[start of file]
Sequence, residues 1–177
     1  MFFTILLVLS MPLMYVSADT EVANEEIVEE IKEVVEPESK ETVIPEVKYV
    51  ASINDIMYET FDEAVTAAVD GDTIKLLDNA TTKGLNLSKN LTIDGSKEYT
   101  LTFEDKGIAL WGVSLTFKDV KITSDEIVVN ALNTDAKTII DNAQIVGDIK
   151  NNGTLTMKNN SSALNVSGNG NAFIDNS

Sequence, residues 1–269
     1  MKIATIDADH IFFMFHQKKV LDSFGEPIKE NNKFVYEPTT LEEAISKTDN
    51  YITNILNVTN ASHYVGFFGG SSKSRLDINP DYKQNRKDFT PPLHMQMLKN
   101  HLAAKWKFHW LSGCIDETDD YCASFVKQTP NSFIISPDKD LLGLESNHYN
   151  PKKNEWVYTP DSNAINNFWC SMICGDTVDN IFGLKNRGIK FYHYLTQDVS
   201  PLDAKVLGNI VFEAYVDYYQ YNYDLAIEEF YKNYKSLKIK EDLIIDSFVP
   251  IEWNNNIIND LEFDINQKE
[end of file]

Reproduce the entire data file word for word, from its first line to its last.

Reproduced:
Sequence, residues 1–177
     1  MFFTILLVLS MPLMYVSADT EVANEEIVEE IKEVVEPESK ETVIPEVKYV
    51  ASINDIMYET FDEAVTAAVD GDTIKLLDNA TTKGLNLSKN LTIDGSKEYT
   101  LTFEDKGIAL WGVSLTFKDV KITSDEIVVN ALNTDAKTII DNAQIVGDIK
   151  NNGTLTMKNN SSALNVSGNG NAFIDNS

Sequence, residues 1–269
     1  MKIATIDADH IFFMFHQKKV LDSFGEPIKE NNKFVYEPTT LEEAISKTDN
    51  YITNILNVTN ASHYVGFFGG SSKSRLDINP DYKQNRKDFT PPLHMQMLKN
   101  HLAAKWKFHW LSGCIDETDD YCASFVKQTP NSFIISPDKD LLGLESNHYN
   151  PKKNEWVYTP DSNAINNFWC SMICGDTVDN IFGLKNRGIK FYHYLTQDVS
   201  PLDAKVLGNI VFEAYVDYYQ YNYDLAIEEF YKNYKSLKIK EDLIIDSFVP
   251  IEWNNNIIND LEFDINQKE